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The Outdoor Athlete Book by Courtenay and Doug Schurman



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More Training Info > Changing Routine

Changing Exercise Routine

Q. How often should one change his/her weight-training routine? Six weeks? Two weeks? Three months? Since it takes a while to get results, how can you be sure when to tweak it?

A. Basically, whenever you are starting to feel bored with your routine, you should change something about it. Another thing to think about is your "training age"--people who have been strength training for a while need to adjust their workouts much more frequently than someone who is just starting out. As an example, I have been lifting weights since 1984 and usually have four different workouts (a light lower, light upper, heavy lower, and heavy upper, all completely different exercises) going all at once, for a three week period, and then totally change things around. If I were to do a single workout three times a week for a month, I'd drive myself crazy!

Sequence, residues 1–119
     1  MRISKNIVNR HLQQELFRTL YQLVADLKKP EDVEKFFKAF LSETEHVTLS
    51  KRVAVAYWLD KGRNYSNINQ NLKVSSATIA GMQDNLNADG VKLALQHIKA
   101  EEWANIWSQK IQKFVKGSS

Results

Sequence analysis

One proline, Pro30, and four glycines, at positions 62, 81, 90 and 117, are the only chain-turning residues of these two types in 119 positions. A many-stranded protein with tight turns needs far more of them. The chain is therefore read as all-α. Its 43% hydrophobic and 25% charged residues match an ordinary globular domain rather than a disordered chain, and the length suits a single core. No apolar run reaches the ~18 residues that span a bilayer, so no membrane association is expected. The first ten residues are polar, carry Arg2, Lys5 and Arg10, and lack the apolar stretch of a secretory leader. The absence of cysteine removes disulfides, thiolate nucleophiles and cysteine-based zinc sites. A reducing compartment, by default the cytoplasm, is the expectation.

I'd like to suggest that if you are just starting out, try a full body workout two or three times a week, with maybe one exercise for each body, a set or two with 8-12 repetitions. This might include (in order given) squats, lat pulldowns TO THE CHEST :) , dumbbell chest presses, shoulder presses, a variation on a step-up, triceps extensions, dumbbell curls, back raises, calf raises, and some abdominal work. (work large muscles to small in general, with more difficult exercises early in the workout while you are still fresh). Once you have done three workouts to get used to the form and to find the appropriate weight for you, then try changing something about it--maybe shorten the rest between sets, try supersetting (working back and forth between two opposing muscle groups, like chest and back, or biceps and triceps), try adding weight and doing fewer repetitions, etc. When you stop making improvement or start wishing for something new, then BY ALL MEANS change it up. Vary the squat. Throw in some deadlifts. Use a barbell instead of a pair of dumbbells.



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